dman72 Hall of Fame

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    I play in a weekly league but I also play a lot outdoors (parks style) in the warmer weather. Everyone I hit with or play is a 3.0 to 4.0 player (4 USTA rated 4.0s in the mix).

    The most common weakness amongst just about everyone is dealing with balls short of the service line that bounce below net height. Every single one, me included. Either we can't get to if fast enough, we overhit it long, it's netted because the stroke is too flat, or we dink it back weakly. Maybe every other or 1 out of 3 of these balls something constructive is done...the rest are handled poorly. I see this on adjacent courts at my club and on public outdoor courts all the time.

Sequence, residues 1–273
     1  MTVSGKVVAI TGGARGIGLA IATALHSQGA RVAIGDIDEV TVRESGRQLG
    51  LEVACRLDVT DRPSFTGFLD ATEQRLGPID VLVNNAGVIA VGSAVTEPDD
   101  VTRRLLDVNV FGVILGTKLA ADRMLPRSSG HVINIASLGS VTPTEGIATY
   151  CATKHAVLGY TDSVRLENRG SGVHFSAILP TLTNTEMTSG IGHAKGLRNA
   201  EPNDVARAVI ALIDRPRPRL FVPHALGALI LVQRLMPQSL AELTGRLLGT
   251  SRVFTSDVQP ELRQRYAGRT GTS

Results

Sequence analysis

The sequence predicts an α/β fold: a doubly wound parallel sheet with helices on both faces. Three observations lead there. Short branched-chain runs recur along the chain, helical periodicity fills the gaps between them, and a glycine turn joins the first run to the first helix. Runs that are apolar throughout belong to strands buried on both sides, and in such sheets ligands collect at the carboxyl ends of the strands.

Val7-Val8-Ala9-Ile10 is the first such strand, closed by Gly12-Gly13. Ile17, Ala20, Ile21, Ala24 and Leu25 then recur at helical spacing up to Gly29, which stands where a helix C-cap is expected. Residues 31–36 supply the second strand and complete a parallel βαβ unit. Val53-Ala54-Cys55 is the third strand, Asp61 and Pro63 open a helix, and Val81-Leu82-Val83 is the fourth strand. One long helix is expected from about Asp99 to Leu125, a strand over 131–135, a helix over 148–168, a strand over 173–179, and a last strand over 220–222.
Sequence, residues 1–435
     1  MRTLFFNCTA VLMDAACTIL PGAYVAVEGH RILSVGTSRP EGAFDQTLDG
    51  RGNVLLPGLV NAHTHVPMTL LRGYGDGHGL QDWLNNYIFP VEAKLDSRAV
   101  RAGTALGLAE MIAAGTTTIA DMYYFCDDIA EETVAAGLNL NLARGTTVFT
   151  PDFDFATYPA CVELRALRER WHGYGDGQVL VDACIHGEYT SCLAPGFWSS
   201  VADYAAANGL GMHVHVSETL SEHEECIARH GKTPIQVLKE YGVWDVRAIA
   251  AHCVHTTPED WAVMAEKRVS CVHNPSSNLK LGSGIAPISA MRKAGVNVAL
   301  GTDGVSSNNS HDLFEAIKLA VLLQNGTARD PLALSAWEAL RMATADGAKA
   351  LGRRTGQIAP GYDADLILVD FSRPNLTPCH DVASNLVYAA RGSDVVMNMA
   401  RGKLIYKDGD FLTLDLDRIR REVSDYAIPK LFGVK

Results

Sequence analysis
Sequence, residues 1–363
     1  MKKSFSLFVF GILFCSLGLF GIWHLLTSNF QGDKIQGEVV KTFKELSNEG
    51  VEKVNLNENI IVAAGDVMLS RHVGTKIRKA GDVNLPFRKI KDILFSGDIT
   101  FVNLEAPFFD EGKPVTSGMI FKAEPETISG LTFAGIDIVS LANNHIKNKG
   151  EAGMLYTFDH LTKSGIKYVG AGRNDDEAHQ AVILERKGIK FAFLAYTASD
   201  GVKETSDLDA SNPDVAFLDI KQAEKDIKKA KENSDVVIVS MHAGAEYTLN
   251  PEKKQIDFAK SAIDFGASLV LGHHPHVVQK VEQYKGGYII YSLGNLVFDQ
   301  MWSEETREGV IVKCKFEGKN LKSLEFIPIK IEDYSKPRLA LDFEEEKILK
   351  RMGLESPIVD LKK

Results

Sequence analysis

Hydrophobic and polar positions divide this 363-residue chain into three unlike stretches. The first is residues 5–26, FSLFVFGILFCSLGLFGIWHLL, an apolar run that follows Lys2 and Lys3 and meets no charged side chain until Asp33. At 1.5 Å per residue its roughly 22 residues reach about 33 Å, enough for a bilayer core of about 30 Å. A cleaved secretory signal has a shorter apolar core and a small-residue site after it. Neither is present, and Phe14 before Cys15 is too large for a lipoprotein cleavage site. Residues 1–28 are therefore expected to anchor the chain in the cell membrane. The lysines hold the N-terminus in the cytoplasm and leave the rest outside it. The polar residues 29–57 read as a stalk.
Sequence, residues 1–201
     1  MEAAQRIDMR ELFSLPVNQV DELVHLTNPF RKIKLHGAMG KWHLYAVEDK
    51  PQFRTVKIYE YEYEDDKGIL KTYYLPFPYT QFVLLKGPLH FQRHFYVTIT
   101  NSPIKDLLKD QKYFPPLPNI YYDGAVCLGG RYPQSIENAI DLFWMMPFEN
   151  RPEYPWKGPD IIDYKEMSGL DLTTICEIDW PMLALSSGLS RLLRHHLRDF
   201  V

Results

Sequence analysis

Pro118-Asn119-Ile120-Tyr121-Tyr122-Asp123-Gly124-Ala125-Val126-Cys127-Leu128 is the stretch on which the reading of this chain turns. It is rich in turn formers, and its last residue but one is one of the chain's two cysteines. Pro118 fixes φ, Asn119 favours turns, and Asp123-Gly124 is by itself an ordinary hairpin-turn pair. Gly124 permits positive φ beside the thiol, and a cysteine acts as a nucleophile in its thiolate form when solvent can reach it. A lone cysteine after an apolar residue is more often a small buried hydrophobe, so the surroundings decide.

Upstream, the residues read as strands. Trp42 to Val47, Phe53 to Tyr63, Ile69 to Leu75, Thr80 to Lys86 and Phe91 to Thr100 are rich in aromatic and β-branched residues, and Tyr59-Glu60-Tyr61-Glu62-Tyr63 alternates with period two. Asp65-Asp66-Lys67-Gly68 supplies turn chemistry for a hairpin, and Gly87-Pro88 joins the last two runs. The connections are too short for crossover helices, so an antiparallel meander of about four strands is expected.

That being said, short dead slices are the most effective shot in tennis at 4.0 and below. I rarely hit these, I try to actualy hit "real" strokes, but I can't deny it's fundamental truth. Also, if you can't hit a serve 80 MPH or up, or generate a kick serve that bounces shoulder high..your best serve is a slow, side spinning slice that bounces below net height. People will pull their hair out trying to kill it, maybe make a few but miss a ton of them..then, they will try to dink it back, and you should be charging the net.
     
    Last edited: Feb 15, 2013
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  24. tennis_ocd

    tennis_ocd Hall of Fame

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    Two park styles I find amusing:

    -- The guy who trys to mimic the pros "jump" when hitting his serve and likely doesn't make contact until well on the way down; struggling to hit 55 mph.

    -- The full body twist, loud grunt, arm and body flail at a high short ball that still manages to cross the net as not much more than a moon ball bringing into question Newton's 3rd law - where did all that energy go?
     
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  25. Connors Fan

    Connors Fan Rookie